Pro Wrestlers' Grim Cycle: Pain, Drugs And Doom
By Paul FarhiWashington Post Staff WriterThursday, August 16, 2007;
Eddie Guerrero and Chris Benoit, best friends through thin times and thickening bodies, strutted in shared triumph around the ring in Madison Square Garden. Guerrero had just successfully defended his World Wrestling Entertainment title; Benoit had defeated two opponents to wear the belt as world heavyweight champion.
The wrestling was scripted, but the mutual sense of achievement on March 14, 2004, was real. After all the travel on back roads, the spiritual and pharmacological comfort, the dreams and near-death, the two pals had reached the professional pinnacle together.
World Wrestling Entertainment officials say they see no connection or pattern to the deaths of dozens of professional wrestlers over the past decade or so. Among those who have died, however, are at least eight men who were friends, mentors or close professional associates of Eddie Guerrero and Chris Benoit.
Both were relatively small men in a business of behemoths, and both had built stupendous physiques by pumping their muscles with steroids and human growth hormones. After years of wandering through wrestling's grimy lower levels, the men -- now in their mid-30s -- had grown into well-paid star attractions in WWE, the richest and most glamorous wrestling enterprise.
Side by side at the Garden, their boyhood dreams finally realized, the easygoing, Mexican-born Guerrero and the intense, Canadian-born Benoit stood on the mountaintop, seemingly in peak physical form.
Within a little more than three years, both would be dead.
Benoit and Guerrero lived in a culture that breeds addicts, that encourages comic-book-hero bodies -- and that in recent years has seen dozens of its members die at conspicuously young ages, at a startling rate.
Dave Meltzer, founder and editor of the Wrestling Observer Newsletter, recently compiled a list of current and former wrestlers who have died since 1997, before turning 50. He said his list ran to about 60 names -- and that was before former wrestler Brian "Crush" Adams died Monday of indeterminate causes.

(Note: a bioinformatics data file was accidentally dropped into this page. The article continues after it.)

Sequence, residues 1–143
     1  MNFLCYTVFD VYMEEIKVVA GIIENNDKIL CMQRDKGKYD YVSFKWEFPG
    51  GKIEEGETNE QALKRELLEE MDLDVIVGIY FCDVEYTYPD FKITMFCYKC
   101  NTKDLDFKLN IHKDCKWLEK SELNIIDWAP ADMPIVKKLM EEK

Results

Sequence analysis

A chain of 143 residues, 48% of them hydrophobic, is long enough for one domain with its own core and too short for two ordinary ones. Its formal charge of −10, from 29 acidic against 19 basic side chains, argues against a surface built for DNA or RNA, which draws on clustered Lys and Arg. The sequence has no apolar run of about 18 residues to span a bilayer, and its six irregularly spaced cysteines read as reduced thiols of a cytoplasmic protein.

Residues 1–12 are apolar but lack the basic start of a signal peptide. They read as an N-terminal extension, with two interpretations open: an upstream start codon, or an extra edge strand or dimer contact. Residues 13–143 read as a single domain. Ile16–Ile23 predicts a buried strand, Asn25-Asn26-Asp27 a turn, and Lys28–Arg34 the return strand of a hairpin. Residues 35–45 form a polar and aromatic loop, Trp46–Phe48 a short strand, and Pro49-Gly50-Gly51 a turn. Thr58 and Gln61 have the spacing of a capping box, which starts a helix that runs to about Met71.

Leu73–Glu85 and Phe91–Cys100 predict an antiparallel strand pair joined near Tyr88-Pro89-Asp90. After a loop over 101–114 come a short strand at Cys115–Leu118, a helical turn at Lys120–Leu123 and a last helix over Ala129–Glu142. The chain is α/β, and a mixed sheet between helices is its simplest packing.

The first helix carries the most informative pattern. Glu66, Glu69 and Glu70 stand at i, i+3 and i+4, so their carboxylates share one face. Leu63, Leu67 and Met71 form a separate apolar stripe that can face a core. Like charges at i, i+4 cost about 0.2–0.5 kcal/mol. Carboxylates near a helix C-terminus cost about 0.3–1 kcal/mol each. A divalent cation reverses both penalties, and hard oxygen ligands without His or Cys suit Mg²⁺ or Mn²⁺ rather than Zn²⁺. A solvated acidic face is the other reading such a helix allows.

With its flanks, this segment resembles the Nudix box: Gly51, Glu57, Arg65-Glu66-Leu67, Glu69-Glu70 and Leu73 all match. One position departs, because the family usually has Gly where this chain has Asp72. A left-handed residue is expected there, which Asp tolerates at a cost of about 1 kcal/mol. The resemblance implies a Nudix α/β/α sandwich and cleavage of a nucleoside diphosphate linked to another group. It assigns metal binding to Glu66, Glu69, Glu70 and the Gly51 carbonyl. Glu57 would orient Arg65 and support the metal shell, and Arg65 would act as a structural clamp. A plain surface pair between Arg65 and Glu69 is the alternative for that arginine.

About half those wrestlers died of various causes, he said, including car accidents, suicides and drug overdoses; the rest of the deaths, he said, are linked to heart ailments, including the type that killed Guerrero: arteriosclerotic heart disease, a narrowing of the blood vessels that can lead to a heart attack.
To put that mortality rate into context, Meltzer compares pro wrestling -- which has had roughly 1,500 male competitors in the past quarter-century, he estimates -- with pro football. If the same ratio of NFL players in the same time frame died before reaching age 50, more than 430 current or former players would have died prematurely, he said.
"And someone would be asking some serious questions," Meltzer said. "Something would be done."
When Guerrero, 38, died alone of heart-related complications in a Minneapolis hotel room on Nov. 13, 2005, the man who found his body was his nephew and also a wrestler, Chavo Guerrero Jr. Overcome, Chavo Guerrero immediately called the one man he thought could understand the shock and grief: Chris Benoit.